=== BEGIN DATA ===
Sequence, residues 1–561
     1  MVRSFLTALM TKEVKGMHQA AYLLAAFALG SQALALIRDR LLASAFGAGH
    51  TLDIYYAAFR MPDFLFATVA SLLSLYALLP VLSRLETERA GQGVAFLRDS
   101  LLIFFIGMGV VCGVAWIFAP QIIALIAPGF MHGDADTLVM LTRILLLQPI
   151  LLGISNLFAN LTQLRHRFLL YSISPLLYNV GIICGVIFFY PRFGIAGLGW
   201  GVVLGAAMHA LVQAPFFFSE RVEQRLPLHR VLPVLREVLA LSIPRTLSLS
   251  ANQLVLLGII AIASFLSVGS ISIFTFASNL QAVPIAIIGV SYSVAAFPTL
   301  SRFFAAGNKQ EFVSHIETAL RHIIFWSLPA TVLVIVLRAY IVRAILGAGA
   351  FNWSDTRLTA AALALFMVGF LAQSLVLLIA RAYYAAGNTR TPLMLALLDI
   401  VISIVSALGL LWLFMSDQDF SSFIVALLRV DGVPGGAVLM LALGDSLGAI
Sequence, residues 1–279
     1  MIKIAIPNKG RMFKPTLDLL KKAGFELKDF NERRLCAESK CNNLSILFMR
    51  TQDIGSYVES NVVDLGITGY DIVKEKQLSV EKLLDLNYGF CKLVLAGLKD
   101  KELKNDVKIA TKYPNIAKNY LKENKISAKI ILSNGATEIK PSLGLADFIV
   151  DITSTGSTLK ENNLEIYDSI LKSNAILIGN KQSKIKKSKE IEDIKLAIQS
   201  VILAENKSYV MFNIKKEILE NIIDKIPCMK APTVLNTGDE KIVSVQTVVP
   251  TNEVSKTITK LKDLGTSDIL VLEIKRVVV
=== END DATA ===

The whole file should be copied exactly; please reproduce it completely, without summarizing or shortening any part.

Sequence, residues 1–561
     1  MVRSFLTALM TKEVKGMHQA AYLLAAFALG SQALALIRDR LLASAFGAGH
    51  TLDIYYAAFR MPDFLFATVA SLLSLYALLP VLSRLETERA GQGVAFLRDS
   101  LLIFFIGMGV VCGVAWIFAP QIIALIAPGF MHGDADTLVM LTRILLLQPI
   151  LLGISNLFAN LTQLRHRFLL YSISPLLYNV GIICGVIFFY PRFGIAGLGW
   201  GVVLGAAMHA LVQAPFFFSE RVEQRLPLHR VLPVLREVLA LSIPRTLSLS
   251  ANQLVLLGII AIASFLSVGS ISIFTFASNL QAVPIAIIGV SYSVAAFPTL
   301  SRFFAAGNKQ EFVSHIETAL RHIIFWSLPA TVLVIVLRAY IVRAILGAGA
   351  FNWSDTRLTA AALALFMVGF LAQSLVLLIA RAYYAAGNTR TPLMLALLDI
   401  VISIVSALGL LWLFMSDQDF SSFIVALLRV DGVPGGAVLM LALGDSLGAI
Sequence, residues 1–279
     1  MIKIAIPNKG RMFKPTLDLL KKAGFELKDF NERRLCAESK CNNLSILFMR
    51  TQDIGSYVES NVVDLGITGY DIVKEKQLSV EKLLDLNYGF CKLVLAGLKD
   101  KELKNDVKIA TKYPNIAKNY LKENKISAKI ILSNGATEIK PSLGLADFIV
   151  DITSTGSTLK ENNLEIYDSI LKSNAILIGN KQSKIKKSKE IEDIKLAIQS
   201  VILAENKSYV MFNIKKEILE NIIDKIPCMK APTVLNTGDE KIVSVQTVVP
   251  TNEVSKTITK LKDLGTSDIL VLEIKRVVV